Jul 11

Land and Sea, Then and Now: New Art at the Navy Yard

by: Laura Kochman

South Philadelphia’s Navy Yard has a long history—this city is the birthplace of the United States Navy, and the Philadelphia Naval Shipyard, the location of the current Navy Yard, was in use from 1876 to 1996. That’s 120 years of shipbuilding! In recent years, the Navy Yard landscape has evolved to incorporate different generations of businesses and their employees, from new corporate offices and R&D facilities to longstanding naval and shipbuilding companies.

We’ve teamed with PIDC to commission artists Nate Harris and Miriam Singer to create artwork around this historic space. Nate has created four bright, narrative, shape-based installations, while Miriam has crafted a large-scale collage that will serve as the new graphic identity for the Navy Yard, across business cards, stationary, signs, van wraps, and mugs. We’ll unveil work by both artists on July 12, so we chatted with Nate and Miriam to get a sense of their process.

Miriam: I drew from looking at the Navy Yard—I went there on different trips to draw and take photos, and collected all that imagery into these drawings. I had a collagist approach, so I’d put buildings on top of maps. Instead of doing any Photoshop, it’s all within the piece of paper, my hand moving things around and changing colors. Collage has meaning for me—the layers of history of a place, of paper, of covering and building up, and taking away.

The New Navy Yard Graphic Identity 

  • Detail of collage by Miriam Singer, for the Navy Yard.

  • Detail of collage by Miriam Singer, for the Navy Yard.

  • Collage by Miriam Singer, for the Navy Yard.

Nate: I wanted to approach each piece differently, so that it would be refreshing to view each one, and to be sensitive to the environment and how people might interact with the spaces. And it was a chance for me to work with new mediums—like fabric, screen printing, all the sewing. That was a learning curve for me. I also don’t do a lot of pattern-based or abstract work, so this was a chance to do something new to me.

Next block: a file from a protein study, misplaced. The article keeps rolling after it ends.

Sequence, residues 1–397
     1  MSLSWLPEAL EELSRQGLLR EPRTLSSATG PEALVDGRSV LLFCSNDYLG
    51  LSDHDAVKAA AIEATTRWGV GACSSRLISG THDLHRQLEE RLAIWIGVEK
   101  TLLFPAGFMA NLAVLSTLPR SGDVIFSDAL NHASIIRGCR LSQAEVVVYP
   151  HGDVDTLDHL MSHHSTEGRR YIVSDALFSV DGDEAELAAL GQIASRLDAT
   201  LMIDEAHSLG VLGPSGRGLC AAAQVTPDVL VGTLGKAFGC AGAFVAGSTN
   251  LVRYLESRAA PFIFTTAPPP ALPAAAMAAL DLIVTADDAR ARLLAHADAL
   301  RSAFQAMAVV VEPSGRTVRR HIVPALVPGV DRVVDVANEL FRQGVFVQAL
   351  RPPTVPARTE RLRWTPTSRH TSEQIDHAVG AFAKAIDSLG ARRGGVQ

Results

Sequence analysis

Miriam: My work is an abstract impression of the Navy Yard. I’m working from a romantic idea of just going to a place and drawing. It’s fictional, though—things are not located where they’re supposed to be, and you can’t find your way from the maps in my drawings.

Nate: Each installation is loosely based on nautical themes. Sails at Crescent Park was created because the structures there reminded me of ship masts…Dazzle Wall is based on dazzle patterns painted on ships in World War I, to camouflage them by scattering light. Each pattern is unique and massive. This mural is loosely based on the patterns of those ships—stark, black and white, geometric.

Installations Around the Navy Yard 

  • Banner artwork by Nate Harris at the Navy Yard. Photo by Steve Weinik.

  • Banner artwork by Nate Harris at the Navy Yard. Photo by Steve Weinik.

  • Amphitheater stair artwork by Nate Harris. Photo by Steve Weinik.

  • Dazzle camouflage inspired mural by Nate Harris. Photo by Steve Weinik

Miriam: Through this project, I also learned that the Navy Yard is a great place to come and have fun, and work, and just enjoy yourself. Even if you work there, you can go to Central Green for racquetball—there are beer gardens, there are races, there are lunch trucks, and that was really exciting for me, because I now think of it as a great place to go, too.

Last updated: Jul 11, 2017

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